Your Wednesday Briefing: Extreme Heat Grips China


Good morning. We’re covering a dangerous heat wave in China, the sentencing of a longtime activist in Hong Kong and President Vladimir Putin’s upcoming visit to Iran.

Parts of China’s east and south withered under extreme temperatures as dozens of cities issued heat alerts yesterday. Some temperature forecasts exceeded 40 degrees Celsius (104 degrees Fahrenheit).

The heat waves melted the roofs of buildings and buckled roads in dozens of cities, as people to sought cool air in air-raid shelters underground.

China’s quest to stamp out Covid-19 outbreaks remained undiminished. Health workers in hazmat suits persisted in administering a round of mandatory coronavirus tests, despite the bracing heat. One video showed a health worker in Henan succumbing to heat stroke as his colleagues fanned him with packaging from test kits.

What’s next: The heat wave is forecast to persist for at least two weeks.

Data: Mortality related to excess heat rose in China by 400 percent between 1990 and 2019, reaching 26,800 deaths in 2019.

Context: The scorching heat reflects a global trend of increasingly frequent extreme weather driven by climate change. In June, weeks of heat waves plagued northern China, as floods displaced millions of people in the central and southwestern parts of the country.

A Hong Kong court convicted a longtime pro-democracy activist of attempted sedition yesterday and sentenced him to nine months in prison for planning a one-man protest.

Koo Sze-yiu, 75, has late-stage colon cancer. Many fear he may die in prison. But in a statement before his sentencing, he acknowledged political prisoners and human rights lawyers in mainland China, who endure long sentences or torture.

“I don’t mind being a martyr for democracy and human rights,” Koo said, adding, “compared with human right lawyers in China, what I have sacrificed is nothing.”

Analysis: Koo’s conviction underscores the authorities’ drive to stamp out even peaceful, small-scale displays of dissent that were once common in the city.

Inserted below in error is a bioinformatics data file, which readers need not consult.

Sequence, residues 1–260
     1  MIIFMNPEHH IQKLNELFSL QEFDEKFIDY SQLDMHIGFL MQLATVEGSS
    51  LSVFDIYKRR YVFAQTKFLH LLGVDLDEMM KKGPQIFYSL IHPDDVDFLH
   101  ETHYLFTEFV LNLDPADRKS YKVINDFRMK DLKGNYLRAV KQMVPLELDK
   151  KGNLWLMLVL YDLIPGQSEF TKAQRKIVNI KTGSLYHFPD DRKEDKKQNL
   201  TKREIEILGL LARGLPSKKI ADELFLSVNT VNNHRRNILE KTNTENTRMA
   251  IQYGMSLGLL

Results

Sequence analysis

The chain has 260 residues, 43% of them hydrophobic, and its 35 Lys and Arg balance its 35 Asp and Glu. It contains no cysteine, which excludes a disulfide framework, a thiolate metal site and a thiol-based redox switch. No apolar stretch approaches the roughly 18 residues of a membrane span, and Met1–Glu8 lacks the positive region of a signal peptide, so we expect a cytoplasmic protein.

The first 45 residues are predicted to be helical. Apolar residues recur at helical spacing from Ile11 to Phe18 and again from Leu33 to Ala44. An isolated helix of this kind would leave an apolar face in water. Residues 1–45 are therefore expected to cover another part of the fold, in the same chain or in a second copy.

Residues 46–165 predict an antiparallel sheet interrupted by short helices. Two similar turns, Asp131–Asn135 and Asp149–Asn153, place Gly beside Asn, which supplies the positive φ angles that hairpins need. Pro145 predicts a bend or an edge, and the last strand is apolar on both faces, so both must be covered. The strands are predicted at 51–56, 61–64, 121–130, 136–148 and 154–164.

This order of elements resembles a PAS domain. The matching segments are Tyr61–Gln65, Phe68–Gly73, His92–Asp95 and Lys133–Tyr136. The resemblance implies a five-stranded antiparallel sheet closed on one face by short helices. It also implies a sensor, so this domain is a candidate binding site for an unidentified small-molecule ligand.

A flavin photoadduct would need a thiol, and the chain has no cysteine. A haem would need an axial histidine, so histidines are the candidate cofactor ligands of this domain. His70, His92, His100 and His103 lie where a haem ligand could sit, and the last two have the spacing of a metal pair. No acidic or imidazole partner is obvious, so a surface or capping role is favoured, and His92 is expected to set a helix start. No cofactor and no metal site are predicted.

Biography: Koo, who became an activist after the Tiananmen Square crackdown in 1989, cut a distinctive figure in protests. For decades, he often carried wooden coffins, which he built by hand, adorning them with messages denouncing China’s Communist Party.

President Vladimir Putin of Russia will visit Tehran next week for meetings with the leaders of Iran and Turkey, the Kremlin announced yesterday.

The trip is Putin’s latest in a recent diplomatic spree aimed at building ties with non-Western countries. It will offer him an opportunity to shore up military and economic backing to counter the West’s military assistance to Ukraine and its sanctions against Russia.

The move comes after President Biden’s national security adviser said that Russia was seeking surveillance drones from Iran, including those capable of firing missiles, to make up for its scarcity of unmanned aircraft.

Turkey: President Recep Tayyip Erdogan has emerged as the most active mediator between Putin and President Volodymyr Zelensky. Today, Turkey will host negotiations between Ukraine, Russia and the U.N. on resuming Ukrainian grain exports.

Iran: Russia sees Iran, a longtime ally, as a newly crucial economic partner, offering a trade route and expertise for circumventing sanctions and exporting Russian oil.

Fighting: Ukraine said its forces hit a Russian ammunition depot in the Kherson region, the latest in a counteroffensive to recapture territory in the south.

More than 40,000 pages from one of Timbuktu’s biggest libraries, smuggled out of Mali after jihadists took over the city in 2012, have been digitized and are now available for anyone to explore on Google Arts & Culture.

But they are largely undecipherable to people not educated in the West African Islamic tradition. Only a tiny proportion of the documents are being translated because there are not many scholars with the skills to do it.

My colleague Max Fisher, who writes The Interpreter, tackled a central question of our time: “Has the world entered a time of unusual turbulence, or does it just feel that way?”

Scanning the headlines, it’s easy to conclude that something has broken. But, in many ways, people around the world are better off than they ever have been.

By some measures, war is rarer and significantly less deadly. Life expectancy, literacy rates and living standards have risen; hunger, child mortality and extreme poverty have declined.

The gap between our perception and the data, Max writes, is complex. The internet can amplify bad news, and many gains have been gradual or are about prevention, obscuring progress.

The feeling that the world is getting worse is also not universal. In low-income and middle-income countries, which make up most of the world’s population, survey after survey has found people tend to express optimism about the future. Pessimism is the prevailing mood only in wealthy countries, much of which comes down to stalled economic mobility.

But despite all metrics that show steady improvement, Max writes, democracy is on the global decline. That dramatic and destabilizing erosion could have profound effects on the global mood, and global perceptions, for years to come.

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